Dr Aben, however, says one of the limiting factors for increased sunflower production in the country is relying on seed imports of highly productive hybrid varieties from South Africa, among other countries.
“Upon supporting the farmers with seeds, the next step is developing the infrastructure for bulking and marketing of oil seeds. We plan to support mechanised production of oil seeds by providing tractors and associated machinery, as well as improved seeds to oil seed producers,” Dr Aben says.
Dr Mugasi says they based their programme on a co-funding model in which government pays 70 percent and a farmer pays 30 percent of the input they receive.
Under the co-funding model, Naads gives sunflower and soybean seed subsidies to farmers where selected beneficiary farmers are required to contribute 30 percent, with the government meeting the remaining 70 percent of the total cost of planting.
The seed subsidy programme, Dr Mugasi says, aims at promoting access and use of hybrid seeds among smallholder farmers to increase oil seeds productivity in the implementing districts.
He says in their first attempt, they distributed 73,000kgs of hybrid sunflower seeds and 500,000kgs of improved soybean seed varieties, benefiting 48 large-scale farmers and 22 cooperative societies in the target districts.
“The scope of coverage of crops under the subsidy programme will vary over time, and in addition to sunflower and soybean, they will include Hass Avocado, cashew nuts and macadamia seedlings,” Dr Mugasi says.
Dr Mugasi, however, says only farmers who cleared the 30 percent demanded of them for the inputs will be supported.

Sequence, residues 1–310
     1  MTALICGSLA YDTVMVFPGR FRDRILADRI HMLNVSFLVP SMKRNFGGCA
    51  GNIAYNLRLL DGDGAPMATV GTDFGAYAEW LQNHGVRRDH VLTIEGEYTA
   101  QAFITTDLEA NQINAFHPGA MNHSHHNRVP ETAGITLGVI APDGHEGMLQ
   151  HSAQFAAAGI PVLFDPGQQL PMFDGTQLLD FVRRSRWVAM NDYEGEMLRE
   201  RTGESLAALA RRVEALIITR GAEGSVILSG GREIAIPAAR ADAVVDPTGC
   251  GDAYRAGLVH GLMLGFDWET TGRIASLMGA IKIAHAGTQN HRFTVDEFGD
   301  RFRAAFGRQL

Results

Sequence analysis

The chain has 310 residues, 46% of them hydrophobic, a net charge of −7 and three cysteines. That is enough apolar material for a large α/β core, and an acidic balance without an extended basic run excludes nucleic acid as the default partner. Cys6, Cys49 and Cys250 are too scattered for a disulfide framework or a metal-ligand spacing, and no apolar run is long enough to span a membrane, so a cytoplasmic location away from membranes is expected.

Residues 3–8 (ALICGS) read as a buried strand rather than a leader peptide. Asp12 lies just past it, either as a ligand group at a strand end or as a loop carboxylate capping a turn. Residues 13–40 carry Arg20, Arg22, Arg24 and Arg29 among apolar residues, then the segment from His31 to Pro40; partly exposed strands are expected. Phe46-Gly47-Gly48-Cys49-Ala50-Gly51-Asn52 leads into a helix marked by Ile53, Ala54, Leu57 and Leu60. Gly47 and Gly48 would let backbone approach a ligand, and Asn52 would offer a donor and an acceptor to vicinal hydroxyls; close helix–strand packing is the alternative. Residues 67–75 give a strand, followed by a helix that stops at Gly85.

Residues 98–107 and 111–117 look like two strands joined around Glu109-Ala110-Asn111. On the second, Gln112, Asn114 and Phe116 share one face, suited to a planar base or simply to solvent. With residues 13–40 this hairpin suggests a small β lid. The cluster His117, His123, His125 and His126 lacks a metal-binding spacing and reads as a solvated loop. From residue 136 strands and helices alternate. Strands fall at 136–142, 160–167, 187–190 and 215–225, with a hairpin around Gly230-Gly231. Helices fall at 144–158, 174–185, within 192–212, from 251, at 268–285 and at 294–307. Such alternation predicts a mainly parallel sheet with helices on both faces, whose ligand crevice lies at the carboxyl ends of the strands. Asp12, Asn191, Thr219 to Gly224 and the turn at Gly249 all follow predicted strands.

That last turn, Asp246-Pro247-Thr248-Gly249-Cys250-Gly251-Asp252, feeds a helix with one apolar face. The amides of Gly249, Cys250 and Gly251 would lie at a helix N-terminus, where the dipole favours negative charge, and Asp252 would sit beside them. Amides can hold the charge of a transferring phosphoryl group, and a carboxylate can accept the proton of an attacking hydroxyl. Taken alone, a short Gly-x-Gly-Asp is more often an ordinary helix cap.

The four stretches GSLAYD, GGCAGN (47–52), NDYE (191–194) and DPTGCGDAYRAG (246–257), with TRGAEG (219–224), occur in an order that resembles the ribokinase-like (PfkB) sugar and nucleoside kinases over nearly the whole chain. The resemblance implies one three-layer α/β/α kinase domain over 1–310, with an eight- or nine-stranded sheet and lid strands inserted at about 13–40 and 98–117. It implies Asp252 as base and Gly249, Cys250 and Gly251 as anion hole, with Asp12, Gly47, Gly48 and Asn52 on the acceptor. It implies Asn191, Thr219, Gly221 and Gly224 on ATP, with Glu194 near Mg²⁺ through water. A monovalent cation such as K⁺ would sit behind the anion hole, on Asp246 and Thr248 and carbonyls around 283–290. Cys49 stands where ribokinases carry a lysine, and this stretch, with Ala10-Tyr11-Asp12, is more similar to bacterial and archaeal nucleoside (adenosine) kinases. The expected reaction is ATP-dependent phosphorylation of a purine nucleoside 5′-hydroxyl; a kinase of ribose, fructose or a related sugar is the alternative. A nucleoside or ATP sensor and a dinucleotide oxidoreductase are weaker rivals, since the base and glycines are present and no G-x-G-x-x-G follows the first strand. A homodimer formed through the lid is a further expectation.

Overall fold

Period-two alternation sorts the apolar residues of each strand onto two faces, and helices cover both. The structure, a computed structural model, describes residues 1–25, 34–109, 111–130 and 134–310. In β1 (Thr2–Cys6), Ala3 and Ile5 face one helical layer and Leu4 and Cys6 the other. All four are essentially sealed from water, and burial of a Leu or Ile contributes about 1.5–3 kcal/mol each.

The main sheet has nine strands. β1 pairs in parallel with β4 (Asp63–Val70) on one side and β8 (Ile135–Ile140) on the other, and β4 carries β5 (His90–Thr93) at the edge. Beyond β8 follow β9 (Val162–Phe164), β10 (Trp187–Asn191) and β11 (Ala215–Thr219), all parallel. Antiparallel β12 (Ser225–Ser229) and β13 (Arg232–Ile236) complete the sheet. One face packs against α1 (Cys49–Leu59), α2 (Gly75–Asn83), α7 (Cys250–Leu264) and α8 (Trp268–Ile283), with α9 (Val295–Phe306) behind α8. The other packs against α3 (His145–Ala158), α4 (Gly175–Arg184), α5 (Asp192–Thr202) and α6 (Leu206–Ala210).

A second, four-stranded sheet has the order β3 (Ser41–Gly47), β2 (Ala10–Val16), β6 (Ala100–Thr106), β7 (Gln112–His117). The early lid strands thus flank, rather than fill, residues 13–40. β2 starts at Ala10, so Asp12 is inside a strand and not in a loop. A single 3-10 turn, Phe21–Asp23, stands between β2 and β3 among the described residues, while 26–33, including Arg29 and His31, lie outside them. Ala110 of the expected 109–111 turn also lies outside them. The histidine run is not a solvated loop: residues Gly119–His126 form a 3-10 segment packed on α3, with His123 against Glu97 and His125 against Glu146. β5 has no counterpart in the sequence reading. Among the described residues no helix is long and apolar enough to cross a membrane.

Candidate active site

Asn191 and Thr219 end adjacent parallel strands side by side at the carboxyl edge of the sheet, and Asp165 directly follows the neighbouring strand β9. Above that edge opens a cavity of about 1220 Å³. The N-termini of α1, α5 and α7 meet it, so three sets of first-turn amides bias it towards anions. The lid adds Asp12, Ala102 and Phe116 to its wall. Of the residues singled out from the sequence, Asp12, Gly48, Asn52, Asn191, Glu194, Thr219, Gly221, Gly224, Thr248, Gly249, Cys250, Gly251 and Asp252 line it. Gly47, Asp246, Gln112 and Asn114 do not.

The oil seed farmers across the country are dependent on natural resources that are exposed and sensitive to climate change impacts, besides the farmer communities practicing predominantly rain-fed agriculture.
Meanwhile, Lt Gen Charles Otema Awany, one of the commercial farmers in Nwoya District, who benefitted from the programme, criticises Naads for the untimely delivery of the seeds.
“Timing was your biggest problem, at the end of the season, it is when you see planning materials arriving, and all that goes to waste. We were only lucky last season that the rains extended even into late December, otherwise there would have been a disaster,” Lt Gen Otema said.
Dr Tonny Obua from Makerere University’s Centre for Soybean Development and Improvement, says the huge potential of oil seed production in the country remains untapped despite the availability of all production factors.
He also reveals the centre and Naads are currently promoting six commercial varieties of soybeans across the country, including Maksoy-6N and Maksoy-3N.
The unfavourable market patterns characterised by low prices fronted by middlemen, Naads claims, have created a leeway for neighbouring Kenya to buy a reasonable fraction of Uganda’s oil seeds since they offer better prices.
“We have information that sometimes Kenya traders come and buy our oil seeds, and process them in Kenya. That’s an issue of price stability. That is why we are now fighting to mobilise cooperatives to build capacity to be able to buy this seeds and process them.”
Meanwhile, Ms Grace Freedom Kwiyocwiny, the State Minister for Northern Uganda, argues that subsistence farming characterised by limited innovation has hampered the capacity of local farmers to extensively engage in the commercial production of vegetable oil crops.
“We are talking about a well-connected farming system, through the value chain right from planting to the market. If we cannot do this and just cling to our traditional ways of agriculture, we shall miss out on the opportunities. The opportunities are now everywhere and we need to take them up,” she says.
But Mr Patrick Alip, the production officer for Lira District, blames late delivery of planting materials and price fluctuations for the low morale of farmers to engage in oil seed production.
“The seeds are delivered late and towards the end of the year, the prices come down. For example, in December, 2022, the price of sunflower was Shs900 per kilogramme, and this was quite low, at the moment, the price in the region is up to Shs1,500 and most cooperatives still have their grains in stock,” he says.